Immigration status and Benefits - Check if you are defined as a ‘Person Subject to Immigration Control’
- Last reviewed 14 June 2023
Check if you are defined as a ‘Person Subject to Immigration Control’
Your immigration status will exclude you from most benefits if you are defined as a ‘person subject to immigration control’.
The immigration status of a partner or child that you live with can also affect your benefits, and your claims may affect their continued right to live in the UK. Therefore you need to check if your partner or child is defined as a ‘person subject to immigration control’, even if you are not. Check the definition below and then see the information on partners and children.
You are defined as a person subject to immigration control if you:
- require leave to enter or remain in the UK but do not have it. For example, if your previous leave expired before you applied for further leave (often referred to as being an ‘overstayer’), or if you came to the UK as an asylum seeker.
- have leave to enter or remain in the UK that is subject to a ‘No Recourse to Public Funds’ condition.
- have leave to enter or remain in the UK as a result of someone else providing a maintenance undertaking.
- only have leave because you are appealing against a refusal to vary your leave. This situation can be complex. If your benefit is refused on this basis or you think this applies to you get advice.
Examples of circumstances when you are not a ‘person subject to immigration control’ include if you:
- are a British or Irish citizen.
- have refugee leave or humanitarian protection
- have settled status granted under the EU Settlement Scheme.
- have pre-settled status granted under the EU Settlement Scheme. However, if you want to claim a benefit that requires a right to reside, such as Universal Credit, Pension Credit or Child Benefit, see our guide on the right to reside test.
- have a made a valid application to the EU Settlement Scheme for settled or pre-settled status, and that application has not yet been decided. However, if you want to claim a benefit that requires a right to reside, such as Universal Credit, Pension Credit or Child Benefit, see our guide on the right to reside test.
If you do not know your immigration status you need to get immigration advice before you claim any benefits, and before you are included in anyone else’s claim.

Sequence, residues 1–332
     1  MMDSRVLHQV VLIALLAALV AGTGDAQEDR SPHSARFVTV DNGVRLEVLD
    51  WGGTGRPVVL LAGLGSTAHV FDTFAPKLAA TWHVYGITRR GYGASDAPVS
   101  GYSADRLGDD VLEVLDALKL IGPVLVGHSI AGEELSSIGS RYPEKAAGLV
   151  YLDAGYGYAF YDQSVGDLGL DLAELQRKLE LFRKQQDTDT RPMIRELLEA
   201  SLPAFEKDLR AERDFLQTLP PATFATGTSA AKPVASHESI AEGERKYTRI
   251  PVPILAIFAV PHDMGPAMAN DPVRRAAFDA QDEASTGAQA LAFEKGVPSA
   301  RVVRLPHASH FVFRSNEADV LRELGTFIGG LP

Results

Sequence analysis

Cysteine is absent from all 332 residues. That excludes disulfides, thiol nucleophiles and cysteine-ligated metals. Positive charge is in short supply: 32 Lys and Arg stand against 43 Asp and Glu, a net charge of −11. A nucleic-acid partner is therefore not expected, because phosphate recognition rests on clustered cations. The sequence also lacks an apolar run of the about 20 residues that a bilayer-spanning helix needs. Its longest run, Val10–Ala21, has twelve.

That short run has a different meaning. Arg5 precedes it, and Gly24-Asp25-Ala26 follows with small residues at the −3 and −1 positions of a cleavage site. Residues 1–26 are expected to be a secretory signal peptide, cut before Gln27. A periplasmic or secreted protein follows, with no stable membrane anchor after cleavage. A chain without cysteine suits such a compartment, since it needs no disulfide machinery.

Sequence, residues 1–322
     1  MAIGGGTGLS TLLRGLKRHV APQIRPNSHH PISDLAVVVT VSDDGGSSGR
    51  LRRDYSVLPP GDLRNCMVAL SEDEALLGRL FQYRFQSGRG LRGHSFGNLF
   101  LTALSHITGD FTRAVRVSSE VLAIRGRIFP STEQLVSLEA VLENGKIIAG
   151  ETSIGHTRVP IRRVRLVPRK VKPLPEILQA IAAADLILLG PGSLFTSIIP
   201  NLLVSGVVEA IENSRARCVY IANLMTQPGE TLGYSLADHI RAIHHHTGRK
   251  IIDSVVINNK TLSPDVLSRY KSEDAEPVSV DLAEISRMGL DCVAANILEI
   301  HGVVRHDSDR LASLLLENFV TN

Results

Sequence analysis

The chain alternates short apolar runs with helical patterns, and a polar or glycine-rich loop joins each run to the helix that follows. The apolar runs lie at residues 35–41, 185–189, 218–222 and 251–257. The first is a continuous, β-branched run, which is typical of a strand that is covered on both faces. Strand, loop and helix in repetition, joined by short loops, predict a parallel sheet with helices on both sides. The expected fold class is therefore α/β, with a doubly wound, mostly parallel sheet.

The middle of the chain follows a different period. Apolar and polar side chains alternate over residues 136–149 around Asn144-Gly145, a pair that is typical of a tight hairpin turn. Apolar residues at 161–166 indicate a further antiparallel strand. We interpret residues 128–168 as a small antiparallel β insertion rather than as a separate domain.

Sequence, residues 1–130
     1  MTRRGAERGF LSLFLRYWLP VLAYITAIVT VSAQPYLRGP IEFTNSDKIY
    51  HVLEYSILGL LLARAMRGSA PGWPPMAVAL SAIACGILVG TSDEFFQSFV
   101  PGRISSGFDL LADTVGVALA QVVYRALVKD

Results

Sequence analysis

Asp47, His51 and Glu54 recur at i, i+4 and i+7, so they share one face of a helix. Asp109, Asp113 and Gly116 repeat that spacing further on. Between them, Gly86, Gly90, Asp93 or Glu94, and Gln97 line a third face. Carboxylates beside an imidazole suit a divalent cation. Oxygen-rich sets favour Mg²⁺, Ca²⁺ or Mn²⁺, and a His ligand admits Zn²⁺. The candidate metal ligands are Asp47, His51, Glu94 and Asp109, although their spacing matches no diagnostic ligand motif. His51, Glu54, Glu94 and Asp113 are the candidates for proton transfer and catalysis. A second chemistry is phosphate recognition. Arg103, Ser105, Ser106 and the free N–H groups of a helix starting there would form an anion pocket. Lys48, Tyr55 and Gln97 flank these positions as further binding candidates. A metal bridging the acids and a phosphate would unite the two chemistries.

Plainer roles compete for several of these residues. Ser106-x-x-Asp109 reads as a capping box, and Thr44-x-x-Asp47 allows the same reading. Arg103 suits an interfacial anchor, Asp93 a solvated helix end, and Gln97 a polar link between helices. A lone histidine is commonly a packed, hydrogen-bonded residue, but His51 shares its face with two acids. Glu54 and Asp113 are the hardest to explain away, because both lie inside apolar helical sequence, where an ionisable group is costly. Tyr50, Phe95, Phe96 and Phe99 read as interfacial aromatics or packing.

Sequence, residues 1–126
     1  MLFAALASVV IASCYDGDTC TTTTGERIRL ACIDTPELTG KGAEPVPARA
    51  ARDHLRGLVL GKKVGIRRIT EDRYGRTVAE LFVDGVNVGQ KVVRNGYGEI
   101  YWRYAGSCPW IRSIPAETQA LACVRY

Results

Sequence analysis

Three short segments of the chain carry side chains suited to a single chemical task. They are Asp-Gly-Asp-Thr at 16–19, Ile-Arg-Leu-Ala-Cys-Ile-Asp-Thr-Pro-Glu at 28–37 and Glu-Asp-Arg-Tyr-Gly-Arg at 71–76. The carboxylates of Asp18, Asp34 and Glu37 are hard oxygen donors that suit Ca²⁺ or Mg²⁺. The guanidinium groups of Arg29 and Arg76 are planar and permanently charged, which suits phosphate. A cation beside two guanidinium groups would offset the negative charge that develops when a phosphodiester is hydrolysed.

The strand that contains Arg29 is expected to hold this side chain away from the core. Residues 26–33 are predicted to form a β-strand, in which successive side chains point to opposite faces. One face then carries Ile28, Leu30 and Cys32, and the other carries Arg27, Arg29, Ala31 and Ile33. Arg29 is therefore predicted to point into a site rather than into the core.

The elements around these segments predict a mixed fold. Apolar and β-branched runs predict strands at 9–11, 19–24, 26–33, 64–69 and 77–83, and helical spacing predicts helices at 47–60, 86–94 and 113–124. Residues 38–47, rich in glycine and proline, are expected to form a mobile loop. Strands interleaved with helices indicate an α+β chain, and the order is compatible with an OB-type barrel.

Benefits affected by immigration status
If you are a person subject to immigration control you are not entitled to any of the following:
- Adult Disability Payment (in Scotland)
- Attendance Allowance
- Carer's Allowance
- Child Benefit
- Child Disability Payment (in Scotland)
- Child Tax Credit*
- Council Tax Support
- Disability Living Allowance (DLA)
- Income-related Employment and Support Allowance*
- Funeral Support Payment (in Scotland)
- Housing Benefit
- Income Support*
- Income-based Jobseeker's Allowance*
- Pension Credit
- Personal Independence Payment
- Severe Disablement Allowance*
- Social Fund payments
- Universal Credit
- Working Tax Credit*
* Note it is no longer possible to make a new claim for income support, income-related ESA, income-based JSA, Severe Disablement Allowance or tax credits (except if you are a refugee claiming tax credits for a past period). If you are already getting one of these benefits and you become a person subject to immigration control your entitlement to that benefit will end.
Your immigration status does not affect your entitlement to other benefits not in the long list above. For example, regardless of immigration status, you can claim:
- Contributory benefits - including contribution-based/ New Style JSA, contribution-based/ New Style ESA, Bereavement Support Payment, State Pension. You will need to have had to have paid sufficient national insurance contributions to qualify
- Statutory payments - including Statutory Sick Pay, Statutory Maternity Pay, Statutory Adoption Pay, Statutory Paternity Pay and Statutory Shared Parental Pay.
- Maternity Allowance
- Industrial injuries benefits
- Scottish benefits other than the 3 in the above list (although note some require you to receive a qualifying benefit that are in the list above).
There are limited exempt groups of people subject to immigration control who can claim specific benefits or tax credits in specific circumstances. These are not covered in this guide. To check if an exempt group applies to you for a specific benefit get advice.
Residence and Presence Rules
If you are not excluded from a benefit by your immigration status, you still have to satisfy all the other conditions to be entitled to that benefit, including the presence and residence rules.
Public funds are defined in the immigration rules and include all the benefits above (except the Scottish benefits) and also most Local Welfare Assistance (which can include the Household Support Fund) and homelessness assistance and housing provided under specific provisions.
If your leave to enter or remain in the UK is subject to a ‘No Recourse to Public Funds’ condition, you will breach that condition if you receive one of the benefits or other assistance defined as a public fund or if someone else receives a greater amount of one of these benefits because of your presence. If you breach a ‘No Recourse to Public Funds’ condition attached to your leave, the Home Office could curtail your leave, refuse to grant you further leave in future and/or prosecute you. Get immigration advice before claiming benefit if you, or someone who could be included in your claim (such as your partner or child), has leave subject to a ‘No Recourse to Public Funds’ condition.